Tuesday, July 29, 2008

Reader Mihkel on EEStor Purity Announcement

Here's another interesting technical dissection of from todays blog comments...this time from Mihkel.  Again, I just want to pull out some of these technical comments and separate them from the discussion of zenn stock, etc.  My hope is other technical folks will add to the commentary and even, hopefully, add a little relief in terms of providing some plain english verbiage that average joes like me can follow. 


Mihkel said...

Word wraps removed (sorry for 2x post).

While considering solid state electrical energy storage device's (capacitor's) ability to store energy, maximal upper bound for volumetric energy density (energy per unit of volume) can be obtained knowing only operating device's dielectric's permittivity and (operating) electrical field strength. If we allow dielectric's material density (mass per unit of volume) to be known, we have one more energy storage characteristic: gravimetric energy density (energy per unit of volume).

So, formulae for both type of characteristics are:
volumetric: Uv = ε*E^2/2,
gravimetric: Ug = Uv/ρ = (ε*E^2/2)/ρ,
where
U - Energy density,
ε - actual permittivity of substance,,
E - Electric field,
ρ - material density.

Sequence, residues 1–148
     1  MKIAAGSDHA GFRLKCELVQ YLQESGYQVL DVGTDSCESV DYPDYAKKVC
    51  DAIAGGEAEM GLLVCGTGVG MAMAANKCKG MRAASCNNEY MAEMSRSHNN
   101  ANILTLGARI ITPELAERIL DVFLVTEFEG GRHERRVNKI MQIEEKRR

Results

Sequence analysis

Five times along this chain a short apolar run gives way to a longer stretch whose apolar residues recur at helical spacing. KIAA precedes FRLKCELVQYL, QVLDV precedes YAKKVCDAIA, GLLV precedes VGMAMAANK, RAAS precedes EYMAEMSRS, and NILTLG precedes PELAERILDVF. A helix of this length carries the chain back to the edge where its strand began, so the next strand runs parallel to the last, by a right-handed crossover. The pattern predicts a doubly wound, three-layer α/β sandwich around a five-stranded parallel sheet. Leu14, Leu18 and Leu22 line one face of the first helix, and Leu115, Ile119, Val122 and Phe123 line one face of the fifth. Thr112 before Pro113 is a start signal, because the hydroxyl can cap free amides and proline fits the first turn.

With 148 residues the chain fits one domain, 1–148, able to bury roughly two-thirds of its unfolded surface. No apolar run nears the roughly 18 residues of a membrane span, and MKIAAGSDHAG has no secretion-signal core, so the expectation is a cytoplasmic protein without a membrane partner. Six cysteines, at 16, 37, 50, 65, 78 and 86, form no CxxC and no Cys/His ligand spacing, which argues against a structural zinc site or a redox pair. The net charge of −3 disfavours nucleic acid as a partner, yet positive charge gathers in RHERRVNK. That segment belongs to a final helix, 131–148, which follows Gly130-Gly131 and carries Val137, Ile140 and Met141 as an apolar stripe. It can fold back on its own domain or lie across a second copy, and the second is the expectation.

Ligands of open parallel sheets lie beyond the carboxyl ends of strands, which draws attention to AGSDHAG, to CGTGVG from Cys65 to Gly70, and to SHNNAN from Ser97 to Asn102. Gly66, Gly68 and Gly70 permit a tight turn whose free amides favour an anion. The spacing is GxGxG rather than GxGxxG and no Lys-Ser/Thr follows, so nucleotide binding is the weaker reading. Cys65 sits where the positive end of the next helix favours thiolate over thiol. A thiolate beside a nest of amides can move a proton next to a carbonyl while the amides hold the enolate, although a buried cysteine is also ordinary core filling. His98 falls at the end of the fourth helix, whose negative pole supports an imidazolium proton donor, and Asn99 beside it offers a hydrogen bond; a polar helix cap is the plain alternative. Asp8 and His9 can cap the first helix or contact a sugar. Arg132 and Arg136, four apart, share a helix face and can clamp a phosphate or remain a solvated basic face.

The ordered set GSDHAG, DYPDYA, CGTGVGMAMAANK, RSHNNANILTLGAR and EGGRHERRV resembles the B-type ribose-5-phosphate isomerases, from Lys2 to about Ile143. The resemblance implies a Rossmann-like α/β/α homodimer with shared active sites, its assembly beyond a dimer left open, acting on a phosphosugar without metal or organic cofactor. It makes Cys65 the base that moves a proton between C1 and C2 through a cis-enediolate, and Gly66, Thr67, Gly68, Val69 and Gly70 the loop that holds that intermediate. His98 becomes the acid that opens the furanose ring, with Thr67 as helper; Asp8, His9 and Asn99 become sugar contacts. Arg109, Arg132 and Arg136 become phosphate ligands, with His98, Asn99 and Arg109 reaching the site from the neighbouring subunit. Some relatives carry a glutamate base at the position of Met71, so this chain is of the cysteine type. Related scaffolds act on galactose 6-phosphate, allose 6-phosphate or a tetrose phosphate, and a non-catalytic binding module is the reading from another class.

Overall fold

ε and E can be calculated: E based on article and ε based on information known before. ρ can be obtained by encyclopedia lookup and making some assumptions. ε = εr*ε0 where εr (or k) is relative (to free space) permittivity of dielectric and ε0 permittivity of free space or the electric constant. Then take the voltage and divide it by the distance it was applied over (over dielectric's thickness) and you get E (E = U/l).

Now we can get computable formulae for a given dielectric considering source data available to us:
volumetric: Uv = εr*ε0*(U/l)^2/2,
gravimetric: Ug = Uv/ρ = (εr*ε0*(U/l)^2/2)/ρ.

I must emphasise we are considering only maximal bounds based on given numbers (not it's production feasibility) about dielectric. To ceramic capacitors, this bound depends only on dielectric's characteristics.

Let's get now source data. U = 350 V and l = 1 µm we take from the article. εr = ~18k has been stated before. For barium titanate, ρ = 6.02 g/cm^3 can be taken from Wikipedia, but we make a wild assumption here, that the actual material has the same density as barium titanate. ε0 can taken from any table of physical constants (ε0 = ~8.85 * 10^(-12) F/m).

Filling formulae with data and letting google's compute engine step into play, we have:
volumetric: Uv = ~2700 Wh/l